Amid a notable resurgence, the financial services sector is getting plenty of headlines. Many of the ETFs tracking the sector explain why. For example, the Oppenheimer Financials Sector Revenue ETF (NYSEArca: RWW) is up 3.5% this month, pushing its year-to-date gain to over 11%.

RWW is not the usual financial services ETF, which weigh stocks by market value. The Oppenheimer ETF provides exposure to the stocks in the S&P 500 Financials Index on a revenue-weighted basis. As a revenue-weighted ETF, RWW allocates 15.6% of its weight to Warren Buffett’s Berkshire Hathaway (NYSE: BRK-B), one of the largest weights to Berkshire among any ETF.

Including Berkshire, RWW’s top 10 holdings include four insurance providers, two investment banks and four money center banks. Other well-known names in the ETF’s top 10 holdings include Dow components JPMorgan Chase & Co. (NYSE: JPM) and Goldman Sachs (NYSE: GS).

Although the Fed has raised interest rates twice this year with another rate hike likely coming before the end of 2017, there are concerns about the central bank’s dovish tone and its impact on ETFs such as RWW. It is expected the Fed will boost borrowing costs one more time before the end of this year and that as many as three rate hikes could be on tap for 2018.

Looking ahead, analysts project U.S. bank earnings to expand 12.8% in 2018, and BlackRock sees “scope for this number to improve.” Furthermore, the sector is trading at cheap valuations, with U.S. banks discounted by24% compared to 5% for European banks.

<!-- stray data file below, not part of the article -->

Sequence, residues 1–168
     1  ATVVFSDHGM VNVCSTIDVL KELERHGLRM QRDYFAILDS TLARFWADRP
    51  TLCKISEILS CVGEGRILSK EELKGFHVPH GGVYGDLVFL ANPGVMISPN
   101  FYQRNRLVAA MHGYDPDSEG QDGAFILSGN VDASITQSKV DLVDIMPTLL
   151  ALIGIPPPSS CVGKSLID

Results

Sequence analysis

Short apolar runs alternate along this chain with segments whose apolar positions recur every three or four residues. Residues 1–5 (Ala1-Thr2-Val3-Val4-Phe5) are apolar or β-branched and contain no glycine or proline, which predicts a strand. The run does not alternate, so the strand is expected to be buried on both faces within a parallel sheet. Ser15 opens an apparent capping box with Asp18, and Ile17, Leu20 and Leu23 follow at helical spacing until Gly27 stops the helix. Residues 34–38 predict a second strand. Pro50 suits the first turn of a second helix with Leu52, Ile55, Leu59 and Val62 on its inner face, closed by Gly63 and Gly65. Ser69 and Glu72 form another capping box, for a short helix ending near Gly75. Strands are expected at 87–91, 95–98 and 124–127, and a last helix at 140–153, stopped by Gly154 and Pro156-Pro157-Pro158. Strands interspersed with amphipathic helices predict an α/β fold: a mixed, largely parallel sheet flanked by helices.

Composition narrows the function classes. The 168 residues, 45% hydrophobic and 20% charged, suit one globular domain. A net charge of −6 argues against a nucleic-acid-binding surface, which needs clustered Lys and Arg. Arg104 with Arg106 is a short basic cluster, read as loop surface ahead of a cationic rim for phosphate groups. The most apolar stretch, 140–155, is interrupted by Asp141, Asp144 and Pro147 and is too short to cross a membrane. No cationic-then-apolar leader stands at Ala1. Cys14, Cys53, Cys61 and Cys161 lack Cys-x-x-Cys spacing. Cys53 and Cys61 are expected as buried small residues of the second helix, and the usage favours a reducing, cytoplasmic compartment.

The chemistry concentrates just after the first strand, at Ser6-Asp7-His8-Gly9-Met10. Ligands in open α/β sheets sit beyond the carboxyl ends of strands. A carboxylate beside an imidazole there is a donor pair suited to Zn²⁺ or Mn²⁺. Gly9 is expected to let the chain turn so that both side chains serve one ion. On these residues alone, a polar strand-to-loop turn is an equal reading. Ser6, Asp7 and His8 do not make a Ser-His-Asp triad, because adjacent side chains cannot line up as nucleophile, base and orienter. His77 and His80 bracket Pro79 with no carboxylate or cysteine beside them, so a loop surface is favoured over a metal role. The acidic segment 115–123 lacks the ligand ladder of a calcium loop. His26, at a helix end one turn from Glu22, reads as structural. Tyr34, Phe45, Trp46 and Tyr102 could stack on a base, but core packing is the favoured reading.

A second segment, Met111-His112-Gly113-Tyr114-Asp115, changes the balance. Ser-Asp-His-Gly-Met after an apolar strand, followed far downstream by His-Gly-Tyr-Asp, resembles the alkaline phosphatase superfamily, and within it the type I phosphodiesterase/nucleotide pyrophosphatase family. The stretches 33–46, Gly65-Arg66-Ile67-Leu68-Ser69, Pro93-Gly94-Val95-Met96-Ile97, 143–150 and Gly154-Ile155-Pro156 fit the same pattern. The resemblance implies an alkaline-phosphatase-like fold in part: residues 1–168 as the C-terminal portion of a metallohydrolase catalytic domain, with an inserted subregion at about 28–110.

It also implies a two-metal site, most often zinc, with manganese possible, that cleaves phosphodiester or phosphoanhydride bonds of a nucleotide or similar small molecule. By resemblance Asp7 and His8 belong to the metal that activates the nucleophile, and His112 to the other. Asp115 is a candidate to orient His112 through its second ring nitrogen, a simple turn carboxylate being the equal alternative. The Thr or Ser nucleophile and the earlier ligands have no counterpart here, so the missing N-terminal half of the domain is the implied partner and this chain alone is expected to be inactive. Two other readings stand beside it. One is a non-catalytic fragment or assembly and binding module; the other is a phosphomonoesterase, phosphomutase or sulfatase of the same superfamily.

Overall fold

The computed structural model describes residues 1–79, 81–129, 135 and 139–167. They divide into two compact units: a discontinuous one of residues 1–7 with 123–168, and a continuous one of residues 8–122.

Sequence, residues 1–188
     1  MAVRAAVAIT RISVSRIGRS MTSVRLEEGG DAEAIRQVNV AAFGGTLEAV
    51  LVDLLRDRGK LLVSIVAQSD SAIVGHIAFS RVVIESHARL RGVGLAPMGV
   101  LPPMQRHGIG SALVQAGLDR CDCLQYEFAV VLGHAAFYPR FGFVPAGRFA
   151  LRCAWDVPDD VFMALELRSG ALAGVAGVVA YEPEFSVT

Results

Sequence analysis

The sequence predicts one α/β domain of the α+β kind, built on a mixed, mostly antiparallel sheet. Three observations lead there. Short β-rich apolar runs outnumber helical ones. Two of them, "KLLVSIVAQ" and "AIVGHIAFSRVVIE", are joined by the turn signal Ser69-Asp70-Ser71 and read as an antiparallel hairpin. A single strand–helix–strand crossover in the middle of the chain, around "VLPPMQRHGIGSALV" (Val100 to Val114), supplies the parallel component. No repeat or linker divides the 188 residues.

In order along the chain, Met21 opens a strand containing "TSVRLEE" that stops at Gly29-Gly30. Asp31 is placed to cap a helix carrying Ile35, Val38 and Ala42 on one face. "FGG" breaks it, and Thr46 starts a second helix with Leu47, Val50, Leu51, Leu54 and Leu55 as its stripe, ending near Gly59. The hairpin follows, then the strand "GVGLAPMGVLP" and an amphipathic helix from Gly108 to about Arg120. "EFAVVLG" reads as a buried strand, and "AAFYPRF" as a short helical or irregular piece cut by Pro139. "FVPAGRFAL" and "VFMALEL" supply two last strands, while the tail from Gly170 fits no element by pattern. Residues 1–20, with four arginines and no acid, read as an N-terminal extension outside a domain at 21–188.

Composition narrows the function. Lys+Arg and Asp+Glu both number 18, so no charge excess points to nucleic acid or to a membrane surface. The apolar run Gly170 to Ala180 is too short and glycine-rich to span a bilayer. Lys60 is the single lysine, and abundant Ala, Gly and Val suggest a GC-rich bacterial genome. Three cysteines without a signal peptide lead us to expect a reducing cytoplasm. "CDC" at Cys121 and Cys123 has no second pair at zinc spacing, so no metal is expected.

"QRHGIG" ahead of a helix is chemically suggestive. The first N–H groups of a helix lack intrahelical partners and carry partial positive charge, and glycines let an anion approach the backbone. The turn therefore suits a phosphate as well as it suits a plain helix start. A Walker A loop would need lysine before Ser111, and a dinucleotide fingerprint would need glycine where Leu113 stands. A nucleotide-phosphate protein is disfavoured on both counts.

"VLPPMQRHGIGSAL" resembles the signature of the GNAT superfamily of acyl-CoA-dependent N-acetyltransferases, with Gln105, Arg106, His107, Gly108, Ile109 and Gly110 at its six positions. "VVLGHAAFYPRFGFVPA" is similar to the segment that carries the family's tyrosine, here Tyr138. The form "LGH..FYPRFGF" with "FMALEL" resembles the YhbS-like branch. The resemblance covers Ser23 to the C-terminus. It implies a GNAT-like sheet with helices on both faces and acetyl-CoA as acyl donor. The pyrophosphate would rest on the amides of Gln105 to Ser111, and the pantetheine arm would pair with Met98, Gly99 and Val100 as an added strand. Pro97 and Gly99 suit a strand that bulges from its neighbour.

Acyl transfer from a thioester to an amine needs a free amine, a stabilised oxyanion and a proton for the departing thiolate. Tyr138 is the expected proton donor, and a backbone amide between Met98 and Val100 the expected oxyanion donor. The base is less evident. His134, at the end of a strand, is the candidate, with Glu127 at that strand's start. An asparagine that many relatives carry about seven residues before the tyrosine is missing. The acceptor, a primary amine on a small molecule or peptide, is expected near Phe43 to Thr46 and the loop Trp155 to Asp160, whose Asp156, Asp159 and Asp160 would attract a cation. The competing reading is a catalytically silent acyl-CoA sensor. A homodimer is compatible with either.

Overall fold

Some strategists also argue that the financial sector may be a good area to look at this time around, given the potential for growth in a rising rate environment, along with potential tax and regulatory changes under the Donald Trump administration. After failing on the healthcare front, Congressional Republicans are likely to push forward with tax reform, looking to make that the centerpiece of their 2017 legislative accomplishments.

Interest rate concerns are evident following recent commentary from some big-name bank executives. Additionally, analysts have been reining in second-quarter earnings estimates for large banks, based in large part on declining net interest margins. However, financial services is widely seen as one of the few legitimate value opportunities in the U.S. equity market.

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The opinions and forecasts expressed herein are solely those of Tom Lydon, and may not actually come to pass. Information on this site should not be used or construed as an offer to sell, a solicitation of an offer to buy, or a recommendation for any product.